The Role of C-Fos and C-Jun Expression in the Induction of Glutathione S-Transferase 7-7 by Lead Nitrate
Coller, Dale Arold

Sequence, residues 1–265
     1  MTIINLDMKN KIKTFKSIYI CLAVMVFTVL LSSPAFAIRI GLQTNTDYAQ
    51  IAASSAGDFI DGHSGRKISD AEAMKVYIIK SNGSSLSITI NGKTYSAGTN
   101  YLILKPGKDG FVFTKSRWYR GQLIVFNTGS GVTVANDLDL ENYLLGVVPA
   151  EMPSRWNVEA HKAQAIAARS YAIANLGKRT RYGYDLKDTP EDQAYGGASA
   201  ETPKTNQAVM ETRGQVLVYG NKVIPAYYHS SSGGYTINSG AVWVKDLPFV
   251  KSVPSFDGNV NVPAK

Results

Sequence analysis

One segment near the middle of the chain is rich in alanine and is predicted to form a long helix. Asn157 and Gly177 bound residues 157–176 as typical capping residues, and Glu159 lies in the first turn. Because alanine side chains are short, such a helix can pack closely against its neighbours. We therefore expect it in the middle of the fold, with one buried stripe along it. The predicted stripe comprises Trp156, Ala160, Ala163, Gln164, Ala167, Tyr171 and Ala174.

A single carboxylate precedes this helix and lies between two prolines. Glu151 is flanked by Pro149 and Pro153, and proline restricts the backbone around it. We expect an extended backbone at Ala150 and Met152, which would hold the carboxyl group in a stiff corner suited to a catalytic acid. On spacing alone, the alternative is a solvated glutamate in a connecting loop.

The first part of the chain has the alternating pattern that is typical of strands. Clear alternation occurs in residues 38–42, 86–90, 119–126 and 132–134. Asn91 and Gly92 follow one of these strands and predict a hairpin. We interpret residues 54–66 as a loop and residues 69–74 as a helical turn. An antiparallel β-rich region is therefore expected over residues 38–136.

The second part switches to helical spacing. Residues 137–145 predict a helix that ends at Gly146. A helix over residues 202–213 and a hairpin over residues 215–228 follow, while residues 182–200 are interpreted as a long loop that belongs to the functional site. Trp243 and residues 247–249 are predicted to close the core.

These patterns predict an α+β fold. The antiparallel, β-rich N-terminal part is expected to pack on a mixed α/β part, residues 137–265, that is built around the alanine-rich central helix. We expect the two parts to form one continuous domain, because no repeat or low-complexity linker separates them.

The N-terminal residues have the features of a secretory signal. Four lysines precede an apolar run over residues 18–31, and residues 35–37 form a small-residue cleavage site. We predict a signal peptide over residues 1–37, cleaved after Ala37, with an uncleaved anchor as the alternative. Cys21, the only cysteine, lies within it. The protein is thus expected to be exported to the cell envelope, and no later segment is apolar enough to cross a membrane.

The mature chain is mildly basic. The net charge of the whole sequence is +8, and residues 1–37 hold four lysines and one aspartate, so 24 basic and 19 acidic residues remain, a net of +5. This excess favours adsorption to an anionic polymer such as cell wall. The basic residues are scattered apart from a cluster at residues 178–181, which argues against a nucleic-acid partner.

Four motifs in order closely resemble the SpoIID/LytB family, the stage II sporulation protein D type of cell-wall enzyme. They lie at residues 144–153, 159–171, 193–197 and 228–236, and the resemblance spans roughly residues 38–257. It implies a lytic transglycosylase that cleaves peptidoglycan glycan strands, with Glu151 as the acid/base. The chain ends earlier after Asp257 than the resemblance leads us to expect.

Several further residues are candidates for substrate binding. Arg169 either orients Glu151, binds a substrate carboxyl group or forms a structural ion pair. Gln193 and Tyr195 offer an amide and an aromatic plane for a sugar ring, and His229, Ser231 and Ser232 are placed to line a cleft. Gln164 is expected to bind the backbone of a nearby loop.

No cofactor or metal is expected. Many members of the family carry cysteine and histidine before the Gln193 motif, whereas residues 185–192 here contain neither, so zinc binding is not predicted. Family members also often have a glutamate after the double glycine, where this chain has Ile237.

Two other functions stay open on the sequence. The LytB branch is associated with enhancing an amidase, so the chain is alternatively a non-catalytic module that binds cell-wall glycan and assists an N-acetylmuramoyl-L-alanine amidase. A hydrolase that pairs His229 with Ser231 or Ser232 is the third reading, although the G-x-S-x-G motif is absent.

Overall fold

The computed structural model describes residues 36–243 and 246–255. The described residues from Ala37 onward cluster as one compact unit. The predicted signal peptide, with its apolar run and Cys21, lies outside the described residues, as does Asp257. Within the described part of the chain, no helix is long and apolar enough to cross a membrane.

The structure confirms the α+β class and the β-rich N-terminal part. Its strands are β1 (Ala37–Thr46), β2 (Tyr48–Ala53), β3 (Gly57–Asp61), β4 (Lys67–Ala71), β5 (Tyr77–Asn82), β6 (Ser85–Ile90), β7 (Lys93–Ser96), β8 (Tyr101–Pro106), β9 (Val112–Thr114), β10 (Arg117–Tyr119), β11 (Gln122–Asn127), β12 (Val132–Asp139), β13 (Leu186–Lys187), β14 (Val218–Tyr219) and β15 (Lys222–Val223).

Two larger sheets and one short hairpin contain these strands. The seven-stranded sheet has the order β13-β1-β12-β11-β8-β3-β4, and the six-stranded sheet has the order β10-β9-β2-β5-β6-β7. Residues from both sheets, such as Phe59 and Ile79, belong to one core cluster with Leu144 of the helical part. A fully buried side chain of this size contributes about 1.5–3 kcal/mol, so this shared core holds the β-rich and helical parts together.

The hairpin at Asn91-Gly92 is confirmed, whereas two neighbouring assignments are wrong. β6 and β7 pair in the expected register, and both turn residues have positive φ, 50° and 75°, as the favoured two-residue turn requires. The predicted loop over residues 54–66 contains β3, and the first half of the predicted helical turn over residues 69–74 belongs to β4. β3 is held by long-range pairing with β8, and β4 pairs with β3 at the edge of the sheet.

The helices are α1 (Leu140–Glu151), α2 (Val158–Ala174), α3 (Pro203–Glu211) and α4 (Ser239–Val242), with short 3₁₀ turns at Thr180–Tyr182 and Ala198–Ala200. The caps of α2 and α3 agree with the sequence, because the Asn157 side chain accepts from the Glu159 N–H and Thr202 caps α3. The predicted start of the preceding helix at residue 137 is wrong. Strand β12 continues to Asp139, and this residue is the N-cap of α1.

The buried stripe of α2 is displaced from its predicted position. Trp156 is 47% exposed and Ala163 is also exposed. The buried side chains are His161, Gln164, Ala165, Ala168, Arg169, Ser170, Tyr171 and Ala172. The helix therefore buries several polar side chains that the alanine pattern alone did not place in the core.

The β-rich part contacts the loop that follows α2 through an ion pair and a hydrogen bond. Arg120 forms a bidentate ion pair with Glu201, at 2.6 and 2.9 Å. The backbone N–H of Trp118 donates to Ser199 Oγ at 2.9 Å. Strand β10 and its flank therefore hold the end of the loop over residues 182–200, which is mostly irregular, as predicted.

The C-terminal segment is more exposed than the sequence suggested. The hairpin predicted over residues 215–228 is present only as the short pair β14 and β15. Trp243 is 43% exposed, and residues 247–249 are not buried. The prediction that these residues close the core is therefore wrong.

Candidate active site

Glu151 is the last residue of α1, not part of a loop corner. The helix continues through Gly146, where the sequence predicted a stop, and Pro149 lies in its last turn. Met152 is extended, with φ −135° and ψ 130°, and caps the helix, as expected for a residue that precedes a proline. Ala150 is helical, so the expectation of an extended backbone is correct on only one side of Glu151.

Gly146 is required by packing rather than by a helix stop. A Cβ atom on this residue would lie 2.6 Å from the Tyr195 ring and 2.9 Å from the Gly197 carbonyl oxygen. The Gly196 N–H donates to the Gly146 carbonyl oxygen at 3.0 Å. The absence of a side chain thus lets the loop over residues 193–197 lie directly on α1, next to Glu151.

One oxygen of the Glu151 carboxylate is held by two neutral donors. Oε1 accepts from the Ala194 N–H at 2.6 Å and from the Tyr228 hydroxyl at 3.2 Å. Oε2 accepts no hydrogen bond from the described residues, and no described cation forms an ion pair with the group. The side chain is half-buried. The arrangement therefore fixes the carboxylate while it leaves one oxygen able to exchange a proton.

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Lead toxicity is a major health issue in the United States. It has been linked to metabolic, neurological, growth, and behavioral disorders. To date the biochemical mechanisms of lead toxicity are not well understood. It has been proposed that many effects of lead result from perturbation of signal-transduction processes mediated by a calcium messenger system (Pounds, 1984; Pounds et al., 1991). A potential consequence of altered calcium homeostasis in many tissues is altered expression of intermediate early genes. The placental glutathione Stransferase (GST 7-7) proteins can be induced, both in synthesis and activity, by lead exposure, and are regulated, at least in part, by intermediate early genes. The GST 7-7 gene contains an activation one protein (AP-1) binding site which is activated by dimerized c-fos and c-jun proteins. In this study the effect of lead nitrate on the induction of GST 7-7 through the stimulation of the AP-1 components c-fos and c-jun was examined. Male Sprague-Dawley rats were injected intravenously in with 10 µmol of lead nitrate per kilogram of body weight and were sacrificed at selected time intervals after injection (1, 2, 6, 12, 24, 48, and 72 hours post injection). Cytosolic proteins, nuclear proteins, total RNA and poly (A)+ m RNA were extracted from the liver tissue of these animals and examined using the techniques of SDS-PAGE electrophoresis, western immunoblot analysis, agarose electrophoresis, and P32 labeling of cDNA probes for Northern blot analysis. Through 1,2-dichloro-4- nitrobenzene substrate (CDNB) activity assays and immunoblot analysis of liver cytosol, lead nitrate was found to induce the synthesis of GST' 7-7. Northern Blot analysis of liver poly (A)+ RNA for the first time showed cjun expression to increase 4 fold over the first 6 hours of exposure and cfos expression to increase 10 fold over 48 hours of lead nitrate exposure. The time difference in the increased expression of the proto-oncogenes fos and jun implies that the heterodimer form of the AP-1 transfactor protein is not responsible of the induction of GST 7-7 by exposure to lead.